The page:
English grammar in context
English grammar in context

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English grammar in context

2 Developments in grammatical description

2.1 Different types of grammatical description

Activity 2

0 hours 10 minutes

As a way of helping you to consider what we mean by ‘grammar’, look at the following sentences and see how many meanings of the word ‘grammar’ you can identify.

  1. It's a really complicated area of grammar.
  2. Why don't you look it up in a grammar?
  3. Her spelling is good, but her grammar is almost non-existent.
  4. Children don't do enough grammar at school.
  5. We had to do generative grammar on the course.
  6. He needs to work on his grammar and punctuation.
  7. Systemic functional grammar is generally associated with the work of Michael Halliday.
  8. I've always had problems with German grammar.
  9. It's a grammar for learners of English as a foreign language.
  10. Oh no! We're doing grammar again today!

(Based on Hewings and Hewings, 2004)

Discussion

There is clearly overlap in these uses, but I have grouped them into five meanings.

  1. In 1 and 8, it refers to the way in which words are organised in a language in order to make correct sentences; here ‘grammar’ is the description of the way in which words combine into larger units, the largest being the sentence.
  2. In 2 and 9, it refers to a book in which these organising principles are laid out. Sometimes these are given as a set of rules.
  3. In 4 and 10, it refers to the study of these rules.
  4. In 3 and 6, it refers to whether a person follows the ‘rules of grammar’.
  5. In 5 and 7, it refers to a particular theory of language description.

Different theories of language result in different types of grammatical description based on different premises and with different purposes. The first complementary grammatical description we are going to look at is sometimes referred to as traditional or structural grammar, a grammar that divides language on the basis of parts of speech, units such as nouns, verbs, and adjectives. In looking at parts of speech, or word classes as they are also called, grammarians divide up sentences or smaller units into their constituent parts; for example:

David played his guitar in the concert
noun verb possessive determiner noun preposition determiner noun

Don't worry if you are not familiar with terms such as ‘possessive determiner’; you do not need to understand them to work through this course. In addition to this type of description, grammarians and others can also concentrate on how words combine to make meanings and this gives rise to a functional grammar which uses a different descriptive vocabulary. Functional grammar is another key approach to describing language. In a functional grammar the emphasis is on describing words or groups of words according to the function they are fulfilling in a sentence.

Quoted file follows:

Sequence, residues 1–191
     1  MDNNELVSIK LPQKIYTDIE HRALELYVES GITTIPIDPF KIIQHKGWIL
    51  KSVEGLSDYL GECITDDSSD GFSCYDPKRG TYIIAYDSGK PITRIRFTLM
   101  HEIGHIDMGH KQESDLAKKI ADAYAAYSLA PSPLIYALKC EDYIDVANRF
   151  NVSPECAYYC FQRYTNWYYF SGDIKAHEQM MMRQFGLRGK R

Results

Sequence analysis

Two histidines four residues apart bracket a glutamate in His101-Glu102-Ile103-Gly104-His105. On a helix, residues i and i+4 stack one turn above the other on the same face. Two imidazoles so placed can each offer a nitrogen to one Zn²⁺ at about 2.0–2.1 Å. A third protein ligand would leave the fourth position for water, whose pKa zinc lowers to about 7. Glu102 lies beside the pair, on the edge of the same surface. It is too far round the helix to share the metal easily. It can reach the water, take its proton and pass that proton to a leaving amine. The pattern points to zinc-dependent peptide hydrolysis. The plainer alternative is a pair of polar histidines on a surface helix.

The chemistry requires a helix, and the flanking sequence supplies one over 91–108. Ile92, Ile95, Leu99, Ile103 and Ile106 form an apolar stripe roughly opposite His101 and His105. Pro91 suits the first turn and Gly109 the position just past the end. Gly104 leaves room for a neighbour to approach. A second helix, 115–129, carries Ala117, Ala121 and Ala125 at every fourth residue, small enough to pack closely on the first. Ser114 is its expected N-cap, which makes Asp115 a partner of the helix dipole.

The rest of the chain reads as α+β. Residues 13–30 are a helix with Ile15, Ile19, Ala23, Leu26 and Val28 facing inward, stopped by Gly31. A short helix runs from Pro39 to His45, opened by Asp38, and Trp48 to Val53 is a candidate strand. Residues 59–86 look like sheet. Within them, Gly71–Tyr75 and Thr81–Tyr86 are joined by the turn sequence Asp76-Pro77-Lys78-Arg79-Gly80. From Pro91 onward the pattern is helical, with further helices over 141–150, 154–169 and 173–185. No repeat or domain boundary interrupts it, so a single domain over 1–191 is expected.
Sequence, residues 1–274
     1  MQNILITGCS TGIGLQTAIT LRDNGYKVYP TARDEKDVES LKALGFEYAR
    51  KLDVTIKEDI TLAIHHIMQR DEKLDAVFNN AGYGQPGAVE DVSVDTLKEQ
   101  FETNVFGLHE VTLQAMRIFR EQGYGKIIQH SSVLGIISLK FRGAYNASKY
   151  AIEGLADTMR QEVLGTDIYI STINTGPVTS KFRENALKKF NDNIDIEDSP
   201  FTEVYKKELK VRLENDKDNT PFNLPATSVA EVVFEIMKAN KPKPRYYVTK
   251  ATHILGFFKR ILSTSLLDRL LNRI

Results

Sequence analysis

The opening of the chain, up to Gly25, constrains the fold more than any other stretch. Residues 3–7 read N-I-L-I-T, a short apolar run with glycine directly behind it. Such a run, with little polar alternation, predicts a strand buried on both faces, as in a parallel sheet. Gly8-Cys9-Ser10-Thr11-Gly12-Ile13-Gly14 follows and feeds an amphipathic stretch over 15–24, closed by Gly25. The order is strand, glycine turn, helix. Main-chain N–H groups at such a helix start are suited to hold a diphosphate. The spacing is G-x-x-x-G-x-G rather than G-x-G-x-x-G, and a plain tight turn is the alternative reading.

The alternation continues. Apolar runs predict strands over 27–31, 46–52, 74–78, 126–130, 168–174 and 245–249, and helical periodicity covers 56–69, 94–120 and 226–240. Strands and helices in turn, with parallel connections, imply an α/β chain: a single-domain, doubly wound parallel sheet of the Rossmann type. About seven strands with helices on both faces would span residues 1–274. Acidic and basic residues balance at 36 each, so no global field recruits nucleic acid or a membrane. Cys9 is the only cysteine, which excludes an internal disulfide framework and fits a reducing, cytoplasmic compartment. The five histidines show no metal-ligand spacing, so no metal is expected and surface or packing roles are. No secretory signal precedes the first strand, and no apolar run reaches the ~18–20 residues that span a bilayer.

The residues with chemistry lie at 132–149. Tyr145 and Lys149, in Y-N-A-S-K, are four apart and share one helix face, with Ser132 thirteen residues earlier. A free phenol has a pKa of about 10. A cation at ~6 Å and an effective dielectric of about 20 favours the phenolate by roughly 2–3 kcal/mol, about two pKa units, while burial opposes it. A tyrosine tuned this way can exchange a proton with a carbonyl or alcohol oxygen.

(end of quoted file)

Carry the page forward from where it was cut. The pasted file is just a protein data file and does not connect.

Both traditional grammars and functional grammars are largely descriptive grammars, that is, they set out to account for the language we use without necessarily making judgements about its correctness. However, the word ‘grammar’, as we have seen, can be used to indicate what rules exist for combining units together and whether these have been followed correctly. For example, the variety of English I speak has a rule that if you use a number greater than one with a noun, the noun has to be plural (I say ‘three cats’, not ‘three cat’). Books which set out this view of language are prescriptive grammars which aim to tell people how they should speak rather than to describe how they do speak. Prescriptive grammars contain the notion of the ‘correct’ use of language. For example, many people were taught that an English verb in the infinitive form (underlined in the example below) should not be separated from its preceding to.

So the introduction to the TV series Star Trek

…to boldly go where no man has gone before

is criticised on the grounds that to and go should not be separated by the adverb boldly. We are not arguing that one form is better than another. Rather, we are going to analyse examples of English as it has been used and look at the different choices that have been made and the factors that might influence those choices.

The final type of grammar is a pedagogic grammar. These grammars are generally based on descriptions of ‘standard’ English and are designed to help people learn English if they are not native speakers of the language. Pedagogic grammars often give some of the ‘rules’ of English and lots of examples and practice material. They thus combine elements from descriptive and prescriptive grammars. Your reference grammar is a pedagogic grammar, but it relies on description rather than prescription to explain how English works.

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